Windfall Dancers Inc. allows people to dance, share love for the creative arts


Brynna Webb reaches out for Clarissa Tokash’s hand during a freestyle dance. The two members have been dancing together longer than any other two members. They added Karli VanCleave into their duo for a three-person routine.  Ty Vinson

After weeks of rehearsals, the Windfall Dance Company from Windfall Dancers Inc. performed for the first time at the Lotus World Music and Arts Festival. It was only fitting that there were two anniversaries being celebrated: Lotus’s 25th and Windfall’s 40th.

Tricia Petit, an IU junior and company dancer, said she wasn't nervous in front of the crowd, though. She had a house party planned and ready right after their performance.

“I’m more worried about this party than this performance,” Petit said.

The performance took place in the Big Tent, which was exactly what it sounded like: a big tent. The tent was filled with people, which made it difficult for the performers to dance, but the group made it work. They performed all five of their routines without any real problem, besides cutting a couple moves so they didn’t hit anyone in the audience.

At the end of the last performance, the group bowed, and the audience reacted with claps and cheers.

Windfall Dancers Inc. is a dance company that offers classes to all ages. It is the one of the only dance studios in Bloomington that offers classes to beginning adult dancers, as well as classes in ballet, tap, aerial and more. It is not required to have any sort of experience in order to dance with the organization. 

The Windfall Dance Company, which performed at Lotus, is a dance collective currently comprised of seven women. The Company focuses on originally choreographed routines and freestyle contemporary dance.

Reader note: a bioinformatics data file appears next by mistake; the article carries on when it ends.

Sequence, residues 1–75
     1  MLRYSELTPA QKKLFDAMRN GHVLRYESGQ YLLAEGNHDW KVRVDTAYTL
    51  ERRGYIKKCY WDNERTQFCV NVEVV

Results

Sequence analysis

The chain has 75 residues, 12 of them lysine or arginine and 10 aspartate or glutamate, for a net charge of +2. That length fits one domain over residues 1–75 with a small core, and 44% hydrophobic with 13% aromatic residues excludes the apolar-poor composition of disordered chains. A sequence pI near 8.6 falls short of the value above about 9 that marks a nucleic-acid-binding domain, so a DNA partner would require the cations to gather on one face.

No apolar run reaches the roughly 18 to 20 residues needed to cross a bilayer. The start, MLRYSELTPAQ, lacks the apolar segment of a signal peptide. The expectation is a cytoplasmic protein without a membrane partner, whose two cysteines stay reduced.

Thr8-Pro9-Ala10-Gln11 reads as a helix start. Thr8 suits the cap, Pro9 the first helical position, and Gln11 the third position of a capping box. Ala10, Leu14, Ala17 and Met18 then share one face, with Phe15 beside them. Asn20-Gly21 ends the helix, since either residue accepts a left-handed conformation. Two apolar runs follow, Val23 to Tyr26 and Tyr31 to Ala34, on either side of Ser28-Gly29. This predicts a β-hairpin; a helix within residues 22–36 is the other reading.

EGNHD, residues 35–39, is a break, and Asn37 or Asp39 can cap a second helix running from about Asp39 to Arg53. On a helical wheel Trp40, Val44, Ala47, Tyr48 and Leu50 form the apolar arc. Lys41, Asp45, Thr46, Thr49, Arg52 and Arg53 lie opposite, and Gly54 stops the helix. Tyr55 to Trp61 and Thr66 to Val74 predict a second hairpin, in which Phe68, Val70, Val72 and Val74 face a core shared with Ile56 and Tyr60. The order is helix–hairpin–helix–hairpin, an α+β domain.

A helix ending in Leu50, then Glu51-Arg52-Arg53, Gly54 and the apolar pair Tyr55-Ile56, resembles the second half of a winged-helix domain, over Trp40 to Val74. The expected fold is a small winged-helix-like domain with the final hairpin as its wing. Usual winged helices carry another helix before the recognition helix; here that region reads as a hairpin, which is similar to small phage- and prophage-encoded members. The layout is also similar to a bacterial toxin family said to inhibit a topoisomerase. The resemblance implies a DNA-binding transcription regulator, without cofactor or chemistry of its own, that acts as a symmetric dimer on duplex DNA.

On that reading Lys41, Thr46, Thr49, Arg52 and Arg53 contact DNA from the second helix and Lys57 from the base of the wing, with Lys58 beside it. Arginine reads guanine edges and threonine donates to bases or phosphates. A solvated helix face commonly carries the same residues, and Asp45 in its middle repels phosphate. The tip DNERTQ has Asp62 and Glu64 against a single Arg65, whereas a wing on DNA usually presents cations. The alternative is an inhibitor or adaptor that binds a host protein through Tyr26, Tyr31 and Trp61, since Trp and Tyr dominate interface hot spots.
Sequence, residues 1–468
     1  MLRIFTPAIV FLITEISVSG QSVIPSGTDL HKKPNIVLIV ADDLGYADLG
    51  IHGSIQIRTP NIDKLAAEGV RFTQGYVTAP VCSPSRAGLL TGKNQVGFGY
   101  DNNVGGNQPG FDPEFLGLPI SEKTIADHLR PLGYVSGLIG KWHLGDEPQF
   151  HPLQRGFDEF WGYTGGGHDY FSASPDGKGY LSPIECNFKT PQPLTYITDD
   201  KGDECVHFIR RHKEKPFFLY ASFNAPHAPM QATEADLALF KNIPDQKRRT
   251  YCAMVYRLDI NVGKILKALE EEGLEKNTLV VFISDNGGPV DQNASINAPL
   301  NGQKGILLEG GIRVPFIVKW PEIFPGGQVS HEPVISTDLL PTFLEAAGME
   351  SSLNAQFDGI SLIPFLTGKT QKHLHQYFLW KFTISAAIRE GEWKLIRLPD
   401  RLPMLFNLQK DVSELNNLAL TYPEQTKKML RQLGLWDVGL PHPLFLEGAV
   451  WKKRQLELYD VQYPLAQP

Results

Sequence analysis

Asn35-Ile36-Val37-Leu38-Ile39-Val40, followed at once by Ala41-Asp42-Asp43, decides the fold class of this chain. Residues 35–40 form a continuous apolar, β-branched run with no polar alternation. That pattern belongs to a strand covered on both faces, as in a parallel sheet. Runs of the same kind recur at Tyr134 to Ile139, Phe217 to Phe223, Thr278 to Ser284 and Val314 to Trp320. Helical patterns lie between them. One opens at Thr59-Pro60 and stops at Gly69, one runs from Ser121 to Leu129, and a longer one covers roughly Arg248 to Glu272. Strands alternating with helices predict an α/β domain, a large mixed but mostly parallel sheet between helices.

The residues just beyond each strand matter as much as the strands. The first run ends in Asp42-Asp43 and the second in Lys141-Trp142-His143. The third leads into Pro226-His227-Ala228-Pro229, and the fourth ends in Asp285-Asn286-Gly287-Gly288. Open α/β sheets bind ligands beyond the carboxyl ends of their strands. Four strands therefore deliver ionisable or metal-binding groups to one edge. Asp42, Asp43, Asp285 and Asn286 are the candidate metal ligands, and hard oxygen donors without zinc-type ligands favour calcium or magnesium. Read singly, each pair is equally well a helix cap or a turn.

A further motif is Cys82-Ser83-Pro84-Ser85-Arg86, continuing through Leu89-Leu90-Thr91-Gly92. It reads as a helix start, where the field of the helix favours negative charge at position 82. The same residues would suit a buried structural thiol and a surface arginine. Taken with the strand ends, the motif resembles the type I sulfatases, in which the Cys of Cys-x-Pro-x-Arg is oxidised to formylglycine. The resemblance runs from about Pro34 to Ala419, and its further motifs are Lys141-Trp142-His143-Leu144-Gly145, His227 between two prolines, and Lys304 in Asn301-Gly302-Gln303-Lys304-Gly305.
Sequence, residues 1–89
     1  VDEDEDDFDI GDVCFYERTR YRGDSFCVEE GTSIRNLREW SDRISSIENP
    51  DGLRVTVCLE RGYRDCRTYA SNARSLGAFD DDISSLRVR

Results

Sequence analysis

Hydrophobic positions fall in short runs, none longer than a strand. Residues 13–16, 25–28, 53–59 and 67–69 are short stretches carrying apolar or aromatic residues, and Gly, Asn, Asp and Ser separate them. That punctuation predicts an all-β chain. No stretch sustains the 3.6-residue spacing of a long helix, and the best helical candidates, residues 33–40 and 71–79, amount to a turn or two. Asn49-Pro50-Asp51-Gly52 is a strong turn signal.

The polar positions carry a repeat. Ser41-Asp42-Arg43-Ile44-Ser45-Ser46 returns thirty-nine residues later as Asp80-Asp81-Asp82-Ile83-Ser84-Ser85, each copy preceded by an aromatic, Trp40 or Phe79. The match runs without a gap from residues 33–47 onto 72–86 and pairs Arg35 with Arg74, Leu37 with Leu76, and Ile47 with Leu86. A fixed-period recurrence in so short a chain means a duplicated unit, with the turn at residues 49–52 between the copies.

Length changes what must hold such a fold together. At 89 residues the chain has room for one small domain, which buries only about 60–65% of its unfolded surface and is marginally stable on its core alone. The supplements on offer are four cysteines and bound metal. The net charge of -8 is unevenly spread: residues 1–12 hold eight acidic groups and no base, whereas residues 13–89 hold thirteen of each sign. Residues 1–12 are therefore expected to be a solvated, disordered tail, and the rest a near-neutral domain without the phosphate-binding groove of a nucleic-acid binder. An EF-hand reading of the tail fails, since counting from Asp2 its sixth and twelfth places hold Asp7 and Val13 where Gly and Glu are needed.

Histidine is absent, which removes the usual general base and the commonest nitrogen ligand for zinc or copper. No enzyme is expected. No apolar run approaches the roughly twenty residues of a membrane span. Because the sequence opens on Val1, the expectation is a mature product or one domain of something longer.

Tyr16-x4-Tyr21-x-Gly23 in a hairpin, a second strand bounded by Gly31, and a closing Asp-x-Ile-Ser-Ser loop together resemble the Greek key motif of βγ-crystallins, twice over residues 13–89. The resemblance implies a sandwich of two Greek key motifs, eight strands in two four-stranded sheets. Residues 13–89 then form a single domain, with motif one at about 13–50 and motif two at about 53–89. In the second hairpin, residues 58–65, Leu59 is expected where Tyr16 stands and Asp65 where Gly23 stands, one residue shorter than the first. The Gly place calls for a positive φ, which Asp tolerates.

“It’s a group of like-minded dance artists,” said Jessica Ferguson, the company coordinator for Windfall.

Though it is open to anyone, there are currently no men in the group. The program is free, and all one has to do is audition and be accepted by a majority of the company who will agree on the membership. 

The group that danced at Lotus only made up part of the 11 member group. The ages range from college-aged to middle-aged. The oldest member is Kay Olges, who has been with Windfall since 1995. Olges led the group through some rehearsals, and she ran the performance at Lotus on Sept. 29.

All members of the company have experience in dance even though it is not required. Many of them have performed with larger groups, some even traveling the world with dance. 

Ferguson has been with the company for about a year and a half. She teaches several classes and has recently founded a Performance Education program in Malaysia. Ferguson worked with the group on almost every rehearsal, making sure everyone looked to be in sync and ready for the Lotus performance.

Ferguson helped coach the group on their routines, and Webb rearranged a routine originally choreographed by two founders of Windfall to fit the song, “Smile” by Glass Animals. The dance had many free-moving parts, and at times, the dancers resembled insects writhing on their backs as if they weren't able to turn over on their own. 

Following the performance, the group danced in the Lotus Festival parade. Each member wore a blue dress, a mask, a tiara and a boa. The night ended in a group photo, and the dancers headed their separate ways for the night, ready to prepare for their annual 'Cabaret Night' fundraiser Oct. 20. 

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